consensus that ability to pay attention to
    surrounds (attentiveness) is poor.

7
Delirium
  • Changes in personality and affect are common
  • Full medical workup is ncessary to distinguish
    the two (delirium vs dementia)
  • Treatment of delirium is directly aimed at
    underlying cause and psychoactive medications
    have a limited role.

8
Delirium
  • Etiology can be divided into four general
    categories
  • Metabolic
  • Toxic (Medication)
  • Infectious
  • Structural

9
Delirium Metabolic Causes
  • Hypoxia
  • Thyroid disorder
  • Metabolic or Respiratory acidosis (hypercapnea)
  • Hypoglycemia or severe hyperglycemia
  • Hypercalcemia
  • Potassium imbalance, sodium imbalance (common in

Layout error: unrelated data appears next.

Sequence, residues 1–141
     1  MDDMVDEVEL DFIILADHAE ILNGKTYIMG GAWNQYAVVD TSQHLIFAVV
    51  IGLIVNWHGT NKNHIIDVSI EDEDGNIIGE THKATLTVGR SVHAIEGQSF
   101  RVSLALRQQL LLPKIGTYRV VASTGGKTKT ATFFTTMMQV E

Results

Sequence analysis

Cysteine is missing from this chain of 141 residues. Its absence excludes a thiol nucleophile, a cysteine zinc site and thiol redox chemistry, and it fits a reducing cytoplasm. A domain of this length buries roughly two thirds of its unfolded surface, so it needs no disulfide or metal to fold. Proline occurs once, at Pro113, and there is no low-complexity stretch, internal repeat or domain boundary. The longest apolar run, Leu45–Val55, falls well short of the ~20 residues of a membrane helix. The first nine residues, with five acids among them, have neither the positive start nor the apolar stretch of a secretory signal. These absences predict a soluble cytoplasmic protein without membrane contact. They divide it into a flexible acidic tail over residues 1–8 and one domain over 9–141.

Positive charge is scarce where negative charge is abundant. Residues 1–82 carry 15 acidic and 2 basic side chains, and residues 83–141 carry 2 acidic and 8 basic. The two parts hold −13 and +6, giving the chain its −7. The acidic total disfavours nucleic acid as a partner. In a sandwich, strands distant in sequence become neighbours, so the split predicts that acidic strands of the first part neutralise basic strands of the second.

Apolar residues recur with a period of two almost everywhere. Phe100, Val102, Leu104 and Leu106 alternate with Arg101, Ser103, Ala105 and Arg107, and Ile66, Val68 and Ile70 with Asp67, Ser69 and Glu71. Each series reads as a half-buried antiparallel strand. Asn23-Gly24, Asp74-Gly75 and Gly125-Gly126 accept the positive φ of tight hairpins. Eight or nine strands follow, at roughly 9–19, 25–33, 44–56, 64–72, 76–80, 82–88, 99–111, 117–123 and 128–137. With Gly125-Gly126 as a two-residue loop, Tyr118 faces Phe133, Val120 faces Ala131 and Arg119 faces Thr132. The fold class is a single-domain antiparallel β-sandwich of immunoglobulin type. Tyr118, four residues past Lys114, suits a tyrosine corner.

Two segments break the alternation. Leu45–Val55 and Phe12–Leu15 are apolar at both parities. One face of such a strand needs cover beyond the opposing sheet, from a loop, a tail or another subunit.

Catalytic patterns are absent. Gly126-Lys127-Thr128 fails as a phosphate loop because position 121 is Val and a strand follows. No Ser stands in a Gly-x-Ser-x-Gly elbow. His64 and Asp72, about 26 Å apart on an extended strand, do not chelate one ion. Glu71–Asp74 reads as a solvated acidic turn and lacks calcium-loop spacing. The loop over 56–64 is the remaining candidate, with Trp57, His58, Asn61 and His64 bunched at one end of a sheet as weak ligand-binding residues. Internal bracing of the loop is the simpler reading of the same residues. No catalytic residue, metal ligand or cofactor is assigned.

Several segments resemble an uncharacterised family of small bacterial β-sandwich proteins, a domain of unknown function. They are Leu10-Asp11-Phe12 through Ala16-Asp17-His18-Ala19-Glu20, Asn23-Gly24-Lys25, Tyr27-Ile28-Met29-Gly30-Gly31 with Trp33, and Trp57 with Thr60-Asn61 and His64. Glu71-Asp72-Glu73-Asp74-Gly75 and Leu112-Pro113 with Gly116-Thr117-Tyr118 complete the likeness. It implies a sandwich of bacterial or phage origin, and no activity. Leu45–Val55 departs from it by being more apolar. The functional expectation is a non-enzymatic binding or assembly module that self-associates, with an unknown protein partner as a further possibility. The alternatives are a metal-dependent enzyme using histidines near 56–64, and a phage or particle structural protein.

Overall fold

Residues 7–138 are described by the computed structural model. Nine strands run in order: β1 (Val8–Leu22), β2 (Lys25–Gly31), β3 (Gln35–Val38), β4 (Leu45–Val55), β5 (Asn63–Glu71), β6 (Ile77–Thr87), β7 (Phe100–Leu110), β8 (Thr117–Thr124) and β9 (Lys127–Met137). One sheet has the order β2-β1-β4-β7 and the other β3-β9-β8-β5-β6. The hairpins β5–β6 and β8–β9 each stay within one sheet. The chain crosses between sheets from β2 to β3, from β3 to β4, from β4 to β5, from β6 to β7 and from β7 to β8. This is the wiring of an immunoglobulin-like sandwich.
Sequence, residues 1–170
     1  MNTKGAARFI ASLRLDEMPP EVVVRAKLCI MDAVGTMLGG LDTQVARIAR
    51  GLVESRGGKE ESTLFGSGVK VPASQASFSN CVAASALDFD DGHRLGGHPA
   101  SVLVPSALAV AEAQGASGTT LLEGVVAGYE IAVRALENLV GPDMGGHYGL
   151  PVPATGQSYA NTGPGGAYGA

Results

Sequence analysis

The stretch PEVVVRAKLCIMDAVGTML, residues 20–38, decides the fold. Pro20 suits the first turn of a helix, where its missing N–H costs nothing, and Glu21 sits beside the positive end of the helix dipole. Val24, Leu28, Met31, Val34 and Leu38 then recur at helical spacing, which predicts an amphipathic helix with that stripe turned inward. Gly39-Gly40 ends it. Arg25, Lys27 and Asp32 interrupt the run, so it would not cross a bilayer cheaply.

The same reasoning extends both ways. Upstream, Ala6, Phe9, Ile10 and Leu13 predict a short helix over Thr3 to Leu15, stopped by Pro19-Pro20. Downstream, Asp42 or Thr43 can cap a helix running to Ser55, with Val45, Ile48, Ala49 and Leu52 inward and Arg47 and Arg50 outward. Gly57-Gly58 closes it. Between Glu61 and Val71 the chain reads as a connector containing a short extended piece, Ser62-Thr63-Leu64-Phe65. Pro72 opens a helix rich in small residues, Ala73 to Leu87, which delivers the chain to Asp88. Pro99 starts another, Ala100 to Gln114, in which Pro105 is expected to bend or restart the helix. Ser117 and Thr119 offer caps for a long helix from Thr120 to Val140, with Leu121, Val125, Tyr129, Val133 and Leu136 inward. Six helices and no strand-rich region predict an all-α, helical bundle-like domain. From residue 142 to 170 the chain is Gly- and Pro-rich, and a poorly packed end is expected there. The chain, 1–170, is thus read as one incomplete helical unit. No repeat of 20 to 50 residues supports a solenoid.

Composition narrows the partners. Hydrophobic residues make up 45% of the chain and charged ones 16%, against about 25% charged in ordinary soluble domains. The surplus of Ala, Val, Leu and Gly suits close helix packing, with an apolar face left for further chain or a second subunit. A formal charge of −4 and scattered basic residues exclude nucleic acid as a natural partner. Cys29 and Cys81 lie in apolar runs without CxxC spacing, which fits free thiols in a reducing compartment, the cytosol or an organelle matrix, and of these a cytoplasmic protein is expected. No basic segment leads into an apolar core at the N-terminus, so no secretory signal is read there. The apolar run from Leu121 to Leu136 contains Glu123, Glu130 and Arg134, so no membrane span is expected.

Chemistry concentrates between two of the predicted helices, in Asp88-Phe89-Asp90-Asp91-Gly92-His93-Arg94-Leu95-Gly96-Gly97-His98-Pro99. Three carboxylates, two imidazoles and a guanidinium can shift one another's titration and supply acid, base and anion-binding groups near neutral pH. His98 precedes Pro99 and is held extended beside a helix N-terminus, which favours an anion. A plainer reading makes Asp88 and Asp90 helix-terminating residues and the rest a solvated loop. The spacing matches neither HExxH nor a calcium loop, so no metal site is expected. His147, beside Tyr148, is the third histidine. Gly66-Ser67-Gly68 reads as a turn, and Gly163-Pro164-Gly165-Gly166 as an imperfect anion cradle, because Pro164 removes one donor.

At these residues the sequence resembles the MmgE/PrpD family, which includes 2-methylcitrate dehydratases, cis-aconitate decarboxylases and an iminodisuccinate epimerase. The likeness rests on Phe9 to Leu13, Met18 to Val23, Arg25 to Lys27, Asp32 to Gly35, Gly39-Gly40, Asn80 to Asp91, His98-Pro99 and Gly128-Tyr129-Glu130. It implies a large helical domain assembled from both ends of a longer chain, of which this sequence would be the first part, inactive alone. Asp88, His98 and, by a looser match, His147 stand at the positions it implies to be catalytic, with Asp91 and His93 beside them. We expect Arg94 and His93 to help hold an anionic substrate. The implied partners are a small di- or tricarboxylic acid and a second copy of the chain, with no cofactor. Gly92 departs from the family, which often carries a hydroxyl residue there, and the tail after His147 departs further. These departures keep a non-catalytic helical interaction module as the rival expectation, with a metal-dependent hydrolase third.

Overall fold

elderly)
  • Post-ictal state or transient ischemic state

10
Delirium - Drugs
  • Anticholinergices
  • TCAs
  • Antiemetics
  • Older generation antihistamines
  • Muscle relaxants
  • CNS depressants (benzos narcotics, and
    psychotics)

11
Delirium Drugs continued
  • Cimetidine
  • Withdrawal of substances and medications is also
    an important consideration (alcohol,
    benzodiazepines)

12
Delirium Infectious Causes
  • Acute CNS infections
  • Systemic infections
  • Remote infections
  • Fever itself will cause a delirium
  • Pneumonia (frequent culprit in elderly)
  • UTIs (frequent culprit in elderly)

13
Delirium - Structural
  • Any structural abnormality in the brain can cause
    delirium
  • Acute CVA
  • Tumor
  • Abscess

14
Delirium Structural
  • Many physicians will argue that CT and MRI are
    imperative, however such defects will produce
    lateralizing signs on clinical exam, and if